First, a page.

Social Media and Story Telling


Recently I came across an account on Instagram and it completely took my breath away.

Anup Sohanta (known as noopface) spoke candidly about sex, intimacy, relationships, mindful living, being intentional, and living your best life. Honestly, it was kind of astonishing. I’d been falling out of love with my current Instagram feed and was on an inspiration deep dive, and this marked a bit of a turning point for me. I usually stay in my lane as far as healing talk goes, but recently I’ve been searching for a way to blend my own healing journey conversation within my content around helping others, and his words were a perfect bridge for me to make that change. There is a lot of love in his words, and they struck me as being extremely important to investigate. So I did.



You gotta fucking fight to feed your soul. There will always be bad situations here, the negative bullshit there and the people who don't care. One thing's for sure; the mind mends and the body heals, so whatever shit you're going through, don't starve yourself of what makes you feel whole. Caress yourself in the places you think you're broken. Kiss your own scars and plant flowers in your own garden. You're not broken, you're ready to bloom and it's only just the beginning. -- @noopface


As a person who is hell bent on helping others get in touch with their own inner strength, these kind of words feel like a triumph to me. They feel like an important shift in the content that is usually consumed on social media, and it inspires me endlessly to see people speaking in this way.

It can be extremely hard to share things that point out vulnerabilities you might have, so often we curate our social media to seem as though we have a sense of humor around all things, that the things we struggle with aren’t just sad things but also trendy things. And I’m not here for it.

The idea that depression, anxiety, and ending a life are generously joked about is a direct result to the generational attitude that things are too painful to sink in to, things are too sensitive to allow actual conversation, and we might as well laugh about it. Its pretty macabre, in a murmurous guise.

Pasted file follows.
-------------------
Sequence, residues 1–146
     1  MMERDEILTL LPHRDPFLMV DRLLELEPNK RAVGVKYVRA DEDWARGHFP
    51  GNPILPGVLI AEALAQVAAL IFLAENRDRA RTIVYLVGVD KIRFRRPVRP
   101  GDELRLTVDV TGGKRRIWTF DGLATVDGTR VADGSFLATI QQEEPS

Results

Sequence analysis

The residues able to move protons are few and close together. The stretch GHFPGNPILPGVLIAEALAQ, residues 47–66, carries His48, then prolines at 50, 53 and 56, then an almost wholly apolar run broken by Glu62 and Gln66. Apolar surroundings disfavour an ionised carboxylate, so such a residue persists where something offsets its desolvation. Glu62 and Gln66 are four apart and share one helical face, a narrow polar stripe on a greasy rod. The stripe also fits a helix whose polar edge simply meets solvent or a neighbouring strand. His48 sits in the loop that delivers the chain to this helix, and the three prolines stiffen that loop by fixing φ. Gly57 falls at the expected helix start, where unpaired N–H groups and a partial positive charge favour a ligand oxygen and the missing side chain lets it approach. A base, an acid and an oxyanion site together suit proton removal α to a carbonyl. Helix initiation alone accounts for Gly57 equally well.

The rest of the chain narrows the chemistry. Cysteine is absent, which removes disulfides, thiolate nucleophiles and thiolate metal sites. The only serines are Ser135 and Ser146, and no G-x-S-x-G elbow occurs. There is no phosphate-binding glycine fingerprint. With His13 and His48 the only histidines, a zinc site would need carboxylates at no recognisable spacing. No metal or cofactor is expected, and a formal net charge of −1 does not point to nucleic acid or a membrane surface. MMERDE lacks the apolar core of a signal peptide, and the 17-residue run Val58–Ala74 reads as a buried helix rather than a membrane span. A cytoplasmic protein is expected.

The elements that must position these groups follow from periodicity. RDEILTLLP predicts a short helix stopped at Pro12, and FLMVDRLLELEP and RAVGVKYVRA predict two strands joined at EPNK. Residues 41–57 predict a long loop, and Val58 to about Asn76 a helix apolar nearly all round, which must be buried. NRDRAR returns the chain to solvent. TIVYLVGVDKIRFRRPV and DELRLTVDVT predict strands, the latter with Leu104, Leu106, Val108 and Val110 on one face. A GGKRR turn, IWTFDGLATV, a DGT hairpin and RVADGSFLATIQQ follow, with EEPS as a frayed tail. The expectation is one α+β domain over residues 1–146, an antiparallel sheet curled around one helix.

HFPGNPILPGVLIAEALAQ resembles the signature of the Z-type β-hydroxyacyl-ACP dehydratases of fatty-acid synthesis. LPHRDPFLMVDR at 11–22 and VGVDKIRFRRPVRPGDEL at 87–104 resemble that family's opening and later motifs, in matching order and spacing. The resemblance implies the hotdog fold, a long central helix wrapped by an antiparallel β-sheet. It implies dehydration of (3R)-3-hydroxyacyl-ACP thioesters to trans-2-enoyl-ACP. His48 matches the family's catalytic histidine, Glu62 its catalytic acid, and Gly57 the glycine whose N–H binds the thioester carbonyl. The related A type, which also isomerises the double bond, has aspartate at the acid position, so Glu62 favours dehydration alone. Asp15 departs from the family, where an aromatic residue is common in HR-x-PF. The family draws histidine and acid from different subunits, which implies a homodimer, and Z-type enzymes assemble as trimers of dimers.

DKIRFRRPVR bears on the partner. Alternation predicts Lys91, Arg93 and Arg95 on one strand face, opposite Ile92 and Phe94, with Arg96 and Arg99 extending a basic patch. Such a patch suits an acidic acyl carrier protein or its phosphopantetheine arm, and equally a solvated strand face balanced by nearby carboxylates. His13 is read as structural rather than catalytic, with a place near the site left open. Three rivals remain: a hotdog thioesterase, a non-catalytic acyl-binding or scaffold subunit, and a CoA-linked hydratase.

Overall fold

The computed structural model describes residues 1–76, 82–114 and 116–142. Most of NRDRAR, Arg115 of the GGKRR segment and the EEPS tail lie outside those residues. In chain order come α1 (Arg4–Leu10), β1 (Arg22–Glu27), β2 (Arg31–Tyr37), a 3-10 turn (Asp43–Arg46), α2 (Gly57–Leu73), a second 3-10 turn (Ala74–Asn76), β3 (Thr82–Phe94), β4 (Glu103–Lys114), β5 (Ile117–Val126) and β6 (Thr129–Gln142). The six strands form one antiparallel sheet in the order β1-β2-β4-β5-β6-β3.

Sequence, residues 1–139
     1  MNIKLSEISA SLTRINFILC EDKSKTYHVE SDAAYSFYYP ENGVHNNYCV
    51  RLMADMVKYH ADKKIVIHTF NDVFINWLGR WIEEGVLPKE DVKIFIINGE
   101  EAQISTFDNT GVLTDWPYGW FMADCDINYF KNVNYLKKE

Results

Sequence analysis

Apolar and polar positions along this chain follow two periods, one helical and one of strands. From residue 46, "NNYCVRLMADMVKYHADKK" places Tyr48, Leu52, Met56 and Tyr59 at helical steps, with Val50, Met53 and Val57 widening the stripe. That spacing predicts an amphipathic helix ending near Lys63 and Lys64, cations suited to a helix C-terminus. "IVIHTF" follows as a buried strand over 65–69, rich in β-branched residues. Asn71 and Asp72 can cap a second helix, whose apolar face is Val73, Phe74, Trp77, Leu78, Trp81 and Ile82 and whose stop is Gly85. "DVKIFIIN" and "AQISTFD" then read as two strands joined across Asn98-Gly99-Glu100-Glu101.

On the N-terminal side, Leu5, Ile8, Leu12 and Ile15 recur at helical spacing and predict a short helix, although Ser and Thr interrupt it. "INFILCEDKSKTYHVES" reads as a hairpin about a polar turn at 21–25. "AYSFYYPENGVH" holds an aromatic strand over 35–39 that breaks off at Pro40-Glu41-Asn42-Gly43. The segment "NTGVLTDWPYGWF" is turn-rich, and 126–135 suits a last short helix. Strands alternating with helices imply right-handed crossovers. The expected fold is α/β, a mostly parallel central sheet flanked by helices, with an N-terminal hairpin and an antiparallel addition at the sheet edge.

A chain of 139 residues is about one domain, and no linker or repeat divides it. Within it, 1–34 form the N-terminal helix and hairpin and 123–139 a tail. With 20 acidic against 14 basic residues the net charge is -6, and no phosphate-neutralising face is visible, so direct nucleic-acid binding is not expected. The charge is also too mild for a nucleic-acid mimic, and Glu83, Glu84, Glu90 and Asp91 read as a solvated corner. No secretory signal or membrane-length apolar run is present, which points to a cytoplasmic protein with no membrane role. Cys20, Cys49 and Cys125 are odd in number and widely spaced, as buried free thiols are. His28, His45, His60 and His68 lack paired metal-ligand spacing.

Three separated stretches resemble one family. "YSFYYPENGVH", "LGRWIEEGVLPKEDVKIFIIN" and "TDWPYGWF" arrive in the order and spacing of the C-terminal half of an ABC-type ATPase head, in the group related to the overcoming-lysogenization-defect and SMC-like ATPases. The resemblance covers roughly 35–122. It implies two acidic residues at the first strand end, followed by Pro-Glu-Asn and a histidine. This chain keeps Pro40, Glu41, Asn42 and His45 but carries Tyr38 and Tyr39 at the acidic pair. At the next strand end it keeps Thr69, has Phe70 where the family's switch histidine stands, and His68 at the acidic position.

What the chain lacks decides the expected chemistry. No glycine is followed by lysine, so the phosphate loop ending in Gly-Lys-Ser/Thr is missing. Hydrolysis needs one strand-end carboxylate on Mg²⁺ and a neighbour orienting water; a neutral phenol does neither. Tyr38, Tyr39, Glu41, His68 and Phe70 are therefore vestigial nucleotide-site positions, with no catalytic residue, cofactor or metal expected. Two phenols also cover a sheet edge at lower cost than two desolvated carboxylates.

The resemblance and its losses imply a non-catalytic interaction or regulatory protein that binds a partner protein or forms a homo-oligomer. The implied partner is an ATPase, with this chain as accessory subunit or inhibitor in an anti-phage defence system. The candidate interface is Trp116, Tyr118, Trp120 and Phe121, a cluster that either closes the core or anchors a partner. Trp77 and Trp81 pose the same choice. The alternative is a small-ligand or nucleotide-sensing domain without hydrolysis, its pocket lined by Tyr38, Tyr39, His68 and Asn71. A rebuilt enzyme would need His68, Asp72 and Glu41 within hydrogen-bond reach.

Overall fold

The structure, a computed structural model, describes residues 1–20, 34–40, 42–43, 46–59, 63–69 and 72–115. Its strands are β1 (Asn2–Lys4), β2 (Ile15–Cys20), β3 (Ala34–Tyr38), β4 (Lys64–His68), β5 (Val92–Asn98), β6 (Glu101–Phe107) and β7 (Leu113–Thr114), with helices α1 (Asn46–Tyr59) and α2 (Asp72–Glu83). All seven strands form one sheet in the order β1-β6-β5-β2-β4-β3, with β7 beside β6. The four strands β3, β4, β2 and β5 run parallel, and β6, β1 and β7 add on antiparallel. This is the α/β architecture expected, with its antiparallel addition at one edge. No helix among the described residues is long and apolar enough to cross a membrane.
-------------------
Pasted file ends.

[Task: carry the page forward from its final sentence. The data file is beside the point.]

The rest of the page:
I want to open up the painful things we keep barricading doors to, I want to create a glimpse of light inside the dark box, and I want us to talk about it.

Sure, it can feel extremely intimidating to take yourself and your trauma seriously, but that’s the thing, friend. You have to take yourself seriously.

We have to stop talking to ourselves as though our current moment is just in preparation for a moment down the line. Our hearts right now matter the most, our time right now exists the fullest, and there has to be something in ourselves that stakes a permanent claim on the here and now. You’re more than your trauma and you’re more than your past, but unless you take a secret look inside and stare those monsters in the eye, they will continue to stay monsters, they will continue to wreak havoc and spread gloom.

It’s not trendy to be miserable, it’s not cute to be ‘broken’. Instead, it’s actually embracing perpetual drowning. Your identity has to be more than your experiences. So what do we do? How do we shift our focus so strongly that the crew on our life boat stops plugging holes with irony and cheesecloth, and instead stops them entirely by building a new raft?

It’s the power of the word itself, friend. It’s bringing the light to the stories that you wish you knew how to articulate, it’s writing down what you actually feel about what happened and releasing all the things that are no longer serving you. There’s no great triumph in misery, there’s no badge of honor when you’re drowning. Look at how far you’ve managed to survive? Why stain that record with disinterest?

We have all survived everything we’ve gone through. There’s no need for words like ‘barely’ or ‘almost didn’t’ because the truth is, this situation IS black and white. We have survived. That’s it. Now we need to release that pain, and move forward towards living. And it starts with speaking our minds honestly, sharing our stories as encouraging anecdotes that end with ‘it get’s better’ and not ‘my trauma is more painful than yours’.

If you were given the opportunity to move away from your sadness while also helping future friends release their pain, wouldn’t you take that chance?

Write to yourself, write to those that hurt you, and write all the things down you kept buried so so so deep inside your guts. Then, watch the words float away and change. They started as an exercise in pressure release, but now they’re hopeful, because they’re off in the world on a mission to help someone else. That’s what I want social media to be for.

Your words and your stories matter, and it’s time we all started sharing them more often.